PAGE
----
Genetically Modified Food Investigation Folio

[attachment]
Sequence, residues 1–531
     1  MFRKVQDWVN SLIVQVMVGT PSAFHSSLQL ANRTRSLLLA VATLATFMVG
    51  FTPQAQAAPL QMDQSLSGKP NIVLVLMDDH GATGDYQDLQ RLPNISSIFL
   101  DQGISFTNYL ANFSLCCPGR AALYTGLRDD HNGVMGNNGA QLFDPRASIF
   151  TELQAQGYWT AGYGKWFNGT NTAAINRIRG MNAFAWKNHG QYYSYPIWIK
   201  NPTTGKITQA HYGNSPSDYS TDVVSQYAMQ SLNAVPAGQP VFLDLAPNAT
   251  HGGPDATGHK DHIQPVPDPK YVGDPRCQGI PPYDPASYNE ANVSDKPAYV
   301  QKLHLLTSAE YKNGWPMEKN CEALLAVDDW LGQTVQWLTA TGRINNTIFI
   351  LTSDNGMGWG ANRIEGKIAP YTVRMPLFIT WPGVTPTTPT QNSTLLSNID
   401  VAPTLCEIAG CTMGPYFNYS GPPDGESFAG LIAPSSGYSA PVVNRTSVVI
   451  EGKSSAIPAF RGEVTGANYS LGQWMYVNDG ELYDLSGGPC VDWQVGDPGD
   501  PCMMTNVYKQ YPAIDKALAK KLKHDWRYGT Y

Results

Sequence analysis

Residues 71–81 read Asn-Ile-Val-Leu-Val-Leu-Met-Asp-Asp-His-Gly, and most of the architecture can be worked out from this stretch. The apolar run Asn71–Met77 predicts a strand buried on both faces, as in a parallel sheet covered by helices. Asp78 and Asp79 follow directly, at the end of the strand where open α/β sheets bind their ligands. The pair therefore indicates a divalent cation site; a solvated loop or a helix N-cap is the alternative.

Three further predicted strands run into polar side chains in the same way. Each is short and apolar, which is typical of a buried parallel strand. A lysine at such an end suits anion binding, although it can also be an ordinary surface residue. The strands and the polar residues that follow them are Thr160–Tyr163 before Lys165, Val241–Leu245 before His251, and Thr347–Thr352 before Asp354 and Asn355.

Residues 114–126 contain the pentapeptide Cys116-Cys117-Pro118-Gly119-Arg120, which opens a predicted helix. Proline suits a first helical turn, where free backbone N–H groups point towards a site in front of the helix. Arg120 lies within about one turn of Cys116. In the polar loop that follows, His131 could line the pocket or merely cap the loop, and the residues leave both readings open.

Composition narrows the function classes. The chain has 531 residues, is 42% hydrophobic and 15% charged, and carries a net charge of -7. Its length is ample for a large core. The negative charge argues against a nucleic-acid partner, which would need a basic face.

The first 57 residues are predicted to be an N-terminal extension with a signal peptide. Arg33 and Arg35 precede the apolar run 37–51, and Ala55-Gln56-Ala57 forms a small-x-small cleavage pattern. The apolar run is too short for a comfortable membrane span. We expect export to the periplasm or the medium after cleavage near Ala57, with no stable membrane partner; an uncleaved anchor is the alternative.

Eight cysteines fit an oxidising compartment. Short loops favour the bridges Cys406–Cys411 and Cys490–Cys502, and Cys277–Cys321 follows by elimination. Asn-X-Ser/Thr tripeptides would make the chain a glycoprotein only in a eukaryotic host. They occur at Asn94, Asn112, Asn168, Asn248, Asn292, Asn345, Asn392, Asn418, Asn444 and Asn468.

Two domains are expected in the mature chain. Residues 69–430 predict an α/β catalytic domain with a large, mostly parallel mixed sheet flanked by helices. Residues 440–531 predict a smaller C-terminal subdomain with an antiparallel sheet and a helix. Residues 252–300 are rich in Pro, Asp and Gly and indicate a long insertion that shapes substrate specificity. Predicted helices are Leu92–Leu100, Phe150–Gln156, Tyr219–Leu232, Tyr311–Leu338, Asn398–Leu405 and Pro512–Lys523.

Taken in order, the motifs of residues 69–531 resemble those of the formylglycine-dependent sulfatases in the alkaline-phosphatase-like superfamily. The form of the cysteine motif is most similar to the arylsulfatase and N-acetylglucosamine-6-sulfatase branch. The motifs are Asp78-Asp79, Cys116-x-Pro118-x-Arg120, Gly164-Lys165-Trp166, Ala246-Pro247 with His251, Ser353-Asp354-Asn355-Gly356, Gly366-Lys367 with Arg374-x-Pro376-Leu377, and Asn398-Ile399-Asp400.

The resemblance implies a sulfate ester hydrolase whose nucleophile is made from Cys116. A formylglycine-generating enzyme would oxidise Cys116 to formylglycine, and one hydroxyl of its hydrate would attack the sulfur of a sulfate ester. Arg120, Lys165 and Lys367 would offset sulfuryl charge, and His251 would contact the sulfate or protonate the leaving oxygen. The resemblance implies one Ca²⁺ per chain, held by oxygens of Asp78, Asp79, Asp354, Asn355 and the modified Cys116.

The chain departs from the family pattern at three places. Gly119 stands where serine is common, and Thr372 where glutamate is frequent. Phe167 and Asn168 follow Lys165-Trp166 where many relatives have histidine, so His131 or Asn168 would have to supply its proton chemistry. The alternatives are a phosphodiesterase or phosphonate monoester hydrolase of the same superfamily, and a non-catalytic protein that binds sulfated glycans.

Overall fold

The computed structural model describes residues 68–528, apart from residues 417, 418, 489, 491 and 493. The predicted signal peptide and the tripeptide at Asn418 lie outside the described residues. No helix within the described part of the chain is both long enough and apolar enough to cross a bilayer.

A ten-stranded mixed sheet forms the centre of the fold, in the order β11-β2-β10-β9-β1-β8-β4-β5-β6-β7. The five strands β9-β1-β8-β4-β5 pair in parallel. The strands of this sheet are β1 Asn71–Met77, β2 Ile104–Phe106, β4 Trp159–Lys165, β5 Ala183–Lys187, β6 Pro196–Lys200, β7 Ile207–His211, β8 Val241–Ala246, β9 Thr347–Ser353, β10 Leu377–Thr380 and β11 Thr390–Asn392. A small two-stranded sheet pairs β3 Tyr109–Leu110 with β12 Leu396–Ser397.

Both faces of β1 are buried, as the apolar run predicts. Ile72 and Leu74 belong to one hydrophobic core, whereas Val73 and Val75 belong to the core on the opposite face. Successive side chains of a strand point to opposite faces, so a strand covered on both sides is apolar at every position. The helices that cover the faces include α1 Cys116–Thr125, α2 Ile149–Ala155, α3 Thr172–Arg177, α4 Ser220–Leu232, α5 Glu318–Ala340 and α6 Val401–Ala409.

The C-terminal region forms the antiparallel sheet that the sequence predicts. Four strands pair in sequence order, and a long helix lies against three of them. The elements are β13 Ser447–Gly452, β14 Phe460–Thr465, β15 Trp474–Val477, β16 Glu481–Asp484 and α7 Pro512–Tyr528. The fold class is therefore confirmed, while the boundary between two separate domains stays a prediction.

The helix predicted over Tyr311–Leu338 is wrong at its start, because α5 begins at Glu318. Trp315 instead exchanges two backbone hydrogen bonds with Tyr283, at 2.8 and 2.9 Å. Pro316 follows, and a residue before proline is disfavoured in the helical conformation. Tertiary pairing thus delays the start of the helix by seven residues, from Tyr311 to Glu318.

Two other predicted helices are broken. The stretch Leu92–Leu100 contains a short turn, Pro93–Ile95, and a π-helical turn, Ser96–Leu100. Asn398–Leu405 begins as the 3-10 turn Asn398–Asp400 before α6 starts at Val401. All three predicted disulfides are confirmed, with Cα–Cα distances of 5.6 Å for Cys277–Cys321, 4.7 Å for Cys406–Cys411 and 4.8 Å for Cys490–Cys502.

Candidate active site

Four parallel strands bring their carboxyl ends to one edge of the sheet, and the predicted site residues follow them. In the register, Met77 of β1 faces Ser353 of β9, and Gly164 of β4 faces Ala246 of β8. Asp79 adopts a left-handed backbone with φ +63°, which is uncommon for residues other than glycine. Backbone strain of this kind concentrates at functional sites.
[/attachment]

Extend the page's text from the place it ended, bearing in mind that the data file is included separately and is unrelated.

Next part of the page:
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“The genetic modification of food can only have positive outcomes for today’s consumers” Genetic modification (GM), also known as genetic engineering and recombinant DNA technology, is a process that involves combining DNA, and later inserting the newly recombined DNA into cells to be expressed through protein synthesis. The use of this technology in food can result in both positive and negative consequences. Genetic modification of food can aid first world countries by improving the economy and increasing food supplies, and third world countries, by resolving the issue of nutrient deficiency. In spite of that, genetic modification of food can also have negative effects. These include disruption of the food chain and biodiversity, the production of new, unfamiliar allergens, and even economical decline. Currently, genetically modified food is permitted for use and importation in Australia (Benefits of gene technology, n.d.), which raises the question, whether the genetic modification of food can only have positive outcomes for today’s consumers. In the genetic modification of food, a technique called transgenesis is used. It involves incorporating foreign DNA, or desired gene into the organism that is being manipulated. DNA is a long molecule with a double helix structure, present in essentially, all living organisms. It consists of subunits called nucleotides, and has the ability to self-replicate. Organisms that undergo transgenesis are transgenic. A range of techniques is available to transfer genes between organisms. The most common include microinjection and vectors. However, for the genetic modification of food, vectors are the most appropriate method for transgenesis. The most common technique for using vectors is th... ... middle of paper ... ...ied food.. [online] Available at: http://pioneerio.hubpages.com/hub/geneticallymodifiedfood [Accessed: 7 Apr 2014]. NUFFIELD COUNCIL ON BIOETHICS. n.d. Possible benefits of GM crops in developing countries. [online] Available at: http://www.nuffieldbioethics.org/gm-crops-developing-countries/gm-crops-developing-countries-possible-benefits-gm-crops-developing-co [Accessed: 7 Apr 2014]. Qiu, J. 2013. Genetically modified crops pass benefits to weeds. p. 1. Available from: doi: doi:10.1038/nature.2013.13517. redOrbit. n.d. Golden Rice. [online] Available at: http://www.redorbit.com/education/reference_library/science_1/genetically_modified_organisms/1112964755/golden-rice/ [Accessed: 7 Apr 2014]. Whitman, D. B. 2000. Genetically Modified Foods: Harmful or Helpful?. [online] Available at: http://www.csa.com/discoveryguides/gmfood/overview.php [Accessed: 7 Apr 2014].

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